Yes, if you read the title, you read it right. We were just having another ho-hum day here at Cyrious Garageworks when we got the call from Steve who had decided that he wanted to leave his old rotary engine in the past and replace it with a stout, reliable Honda F20C. Needless to say our reaction was “Hells yeah!!” and the gears were officially turning!
The indomitable Honda F20C. This engine is a popular swap for many different FR applications for a number of reasons, reliability being a major one. Being a compact 4 cylinder engine, it fits in just about anything, and has characteristics very similar to the engines that it often replaces, while being far more advanced mechanically. So with all that being said, people swap LS V8s into RX8s all the time, how hard could it be?
…huh. We kind of had a feeling that this would happen, but it still feels weird when a compact 4 cylinder engine is a tight fit in a car. Now that we knew what we were up against, it was time to get out the saw and perform some surgery.
The first incision made was to the factory crossmember. Though that may be a sizable chunk missing from the structure, it’s actually a fairly conservative cut to start. When it comes to cutting into the factory stuff, it’s often a good idea to take it a little bit at a time so as not to take too much out and render the part completely useless; it’s much easier to cut out a little at a time than it is to try to add metal back in when you’ve taken too much out.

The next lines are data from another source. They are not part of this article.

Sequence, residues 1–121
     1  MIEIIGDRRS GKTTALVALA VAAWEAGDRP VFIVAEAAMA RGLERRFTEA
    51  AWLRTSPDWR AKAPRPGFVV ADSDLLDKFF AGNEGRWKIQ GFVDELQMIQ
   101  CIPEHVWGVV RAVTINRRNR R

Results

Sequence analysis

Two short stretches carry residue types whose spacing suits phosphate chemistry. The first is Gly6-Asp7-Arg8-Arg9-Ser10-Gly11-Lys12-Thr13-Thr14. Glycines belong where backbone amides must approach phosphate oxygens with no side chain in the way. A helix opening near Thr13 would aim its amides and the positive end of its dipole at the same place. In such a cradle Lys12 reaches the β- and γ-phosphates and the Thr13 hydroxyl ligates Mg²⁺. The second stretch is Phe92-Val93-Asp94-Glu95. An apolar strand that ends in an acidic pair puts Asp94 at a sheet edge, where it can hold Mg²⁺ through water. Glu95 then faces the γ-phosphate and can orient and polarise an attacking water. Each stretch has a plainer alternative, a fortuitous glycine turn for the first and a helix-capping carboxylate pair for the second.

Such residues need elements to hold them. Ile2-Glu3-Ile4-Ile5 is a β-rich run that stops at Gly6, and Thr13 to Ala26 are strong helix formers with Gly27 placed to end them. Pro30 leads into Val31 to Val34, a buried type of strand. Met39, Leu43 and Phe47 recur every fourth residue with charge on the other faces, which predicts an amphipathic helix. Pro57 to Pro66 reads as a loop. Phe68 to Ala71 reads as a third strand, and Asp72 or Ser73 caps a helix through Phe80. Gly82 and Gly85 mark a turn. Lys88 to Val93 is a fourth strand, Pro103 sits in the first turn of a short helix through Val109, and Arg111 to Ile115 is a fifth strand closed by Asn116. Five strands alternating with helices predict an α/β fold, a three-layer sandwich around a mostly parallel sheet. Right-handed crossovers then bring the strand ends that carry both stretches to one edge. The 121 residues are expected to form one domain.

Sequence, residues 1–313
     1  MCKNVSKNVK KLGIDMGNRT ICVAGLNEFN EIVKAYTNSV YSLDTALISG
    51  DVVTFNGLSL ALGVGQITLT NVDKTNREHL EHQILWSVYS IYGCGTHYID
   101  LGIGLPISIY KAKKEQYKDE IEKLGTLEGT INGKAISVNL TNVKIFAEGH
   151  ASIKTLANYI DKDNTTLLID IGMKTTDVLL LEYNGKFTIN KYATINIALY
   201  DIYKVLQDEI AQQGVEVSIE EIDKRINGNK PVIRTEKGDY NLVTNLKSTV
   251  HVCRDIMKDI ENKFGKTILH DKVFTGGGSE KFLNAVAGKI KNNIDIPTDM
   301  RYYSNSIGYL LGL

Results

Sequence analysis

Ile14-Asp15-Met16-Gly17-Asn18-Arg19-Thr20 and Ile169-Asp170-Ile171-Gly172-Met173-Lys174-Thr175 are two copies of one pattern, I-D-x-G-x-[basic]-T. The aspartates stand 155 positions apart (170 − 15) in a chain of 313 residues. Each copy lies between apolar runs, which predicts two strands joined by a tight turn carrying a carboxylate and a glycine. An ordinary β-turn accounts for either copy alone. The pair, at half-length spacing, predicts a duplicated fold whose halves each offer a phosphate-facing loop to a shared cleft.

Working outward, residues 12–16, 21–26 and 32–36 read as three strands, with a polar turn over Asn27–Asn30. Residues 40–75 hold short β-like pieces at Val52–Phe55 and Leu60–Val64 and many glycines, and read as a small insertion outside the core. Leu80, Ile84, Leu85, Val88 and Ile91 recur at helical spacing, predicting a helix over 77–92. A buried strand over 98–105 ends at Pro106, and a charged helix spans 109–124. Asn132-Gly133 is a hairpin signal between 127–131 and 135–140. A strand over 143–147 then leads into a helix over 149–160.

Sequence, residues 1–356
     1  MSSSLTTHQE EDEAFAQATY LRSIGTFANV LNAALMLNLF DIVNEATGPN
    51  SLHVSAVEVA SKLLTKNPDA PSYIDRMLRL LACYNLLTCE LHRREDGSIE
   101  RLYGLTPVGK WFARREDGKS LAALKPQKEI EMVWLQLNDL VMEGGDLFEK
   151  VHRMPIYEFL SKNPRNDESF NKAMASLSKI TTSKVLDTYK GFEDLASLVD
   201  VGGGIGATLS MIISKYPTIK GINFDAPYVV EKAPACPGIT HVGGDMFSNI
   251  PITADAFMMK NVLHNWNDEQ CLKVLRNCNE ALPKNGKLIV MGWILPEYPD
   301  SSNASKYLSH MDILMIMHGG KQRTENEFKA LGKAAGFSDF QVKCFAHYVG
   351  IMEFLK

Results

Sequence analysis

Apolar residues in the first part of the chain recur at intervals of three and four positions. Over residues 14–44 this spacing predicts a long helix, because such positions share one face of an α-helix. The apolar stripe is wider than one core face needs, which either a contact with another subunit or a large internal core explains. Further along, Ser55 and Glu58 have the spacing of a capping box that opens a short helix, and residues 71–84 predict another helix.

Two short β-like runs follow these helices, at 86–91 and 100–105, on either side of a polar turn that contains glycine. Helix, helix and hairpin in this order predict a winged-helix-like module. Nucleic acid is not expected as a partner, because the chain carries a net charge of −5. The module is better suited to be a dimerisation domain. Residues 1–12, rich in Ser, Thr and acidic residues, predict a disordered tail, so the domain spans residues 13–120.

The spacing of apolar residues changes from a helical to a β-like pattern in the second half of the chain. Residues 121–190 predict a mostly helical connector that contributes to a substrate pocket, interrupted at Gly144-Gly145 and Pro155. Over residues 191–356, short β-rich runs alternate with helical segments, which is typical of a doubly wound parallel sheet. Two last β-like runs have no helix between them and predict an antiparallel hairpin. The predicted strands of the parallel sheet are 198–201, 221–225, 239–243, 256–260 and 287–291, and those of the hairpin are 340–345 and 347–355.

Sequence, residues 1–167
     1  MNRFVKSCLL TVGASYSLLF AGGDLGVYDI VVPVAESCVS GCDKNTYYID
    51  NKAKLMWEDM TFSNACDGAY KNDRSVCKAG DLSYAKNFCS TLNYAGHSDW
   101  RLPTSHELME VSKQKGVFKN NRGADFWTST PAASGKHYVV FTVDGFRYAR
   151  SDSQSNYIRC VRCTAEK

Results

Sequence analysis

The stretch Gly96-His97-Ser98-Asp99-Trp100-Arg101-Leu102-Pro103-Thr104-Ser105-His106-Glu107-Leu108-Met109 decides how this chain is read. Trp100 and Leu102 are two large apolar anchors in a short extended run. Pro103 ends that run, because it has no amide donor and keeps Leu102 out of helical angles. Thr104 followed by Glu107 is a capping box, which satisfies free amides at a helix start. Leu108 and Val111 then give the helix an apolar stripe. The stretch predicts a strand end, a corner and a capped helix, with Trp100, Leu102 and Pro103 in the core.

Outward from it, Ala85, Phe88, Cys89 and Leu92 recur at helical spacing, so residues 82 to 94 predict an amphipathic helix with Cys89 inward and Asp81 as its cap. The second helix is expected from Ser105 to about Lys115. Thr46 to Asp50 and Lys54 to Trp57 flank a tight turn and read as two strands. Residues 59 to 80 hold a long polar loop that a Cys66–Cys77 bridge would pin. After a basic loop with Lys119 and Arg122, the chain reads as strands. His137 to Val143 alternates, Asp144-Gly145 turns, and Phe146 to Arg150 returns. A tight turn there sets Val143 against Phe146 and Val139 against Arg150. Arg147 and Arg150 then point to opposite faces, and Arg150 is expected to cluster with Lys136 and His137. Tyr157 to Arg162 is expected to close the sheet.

Next up on the chopping block was the firewall. We try to avoid cutting into the firewall whenever possible, as it’s good to leave such an integral part of the structure intact as much as you can. With this swap, however, this was the only solution. Since the RX8 is designed for a Rotary engine that’s even more compact than a 4-cylinder, it doesn’t leave a lot of room behind the front crossmember to mount the engine.
As you can see, the crossmember didn’t stay in one piece for very long. A swap like this reminds you of just how tall the F20C really is. Even with all of these modifications, it’s still a pretty tight fit!
With custom mounts made to mount the engine to the subframe, the F20C was now officially in its new home!
The transmission was of course also bolted into the car with a custom mount of its own!
With the engine now permanently mounted, you can see that there is plenty of room for activities up front!
Due to the RX8’s original steering rack being an Electric Power Steering rack, we had to replace it with something with a slimmer form factor. Fortunately, Steve wanted to give manual steering a try, so we wound up coming to the conclusion that using a Mazda Miata manual rack would suit our needs!
And that brings this post to a close! Steve is a wrench turner himself, and wanted to have a stab at buttoning up the job, so I’m afraid we’re all gonna have to wait to see just what this car can do until we see it at the race track!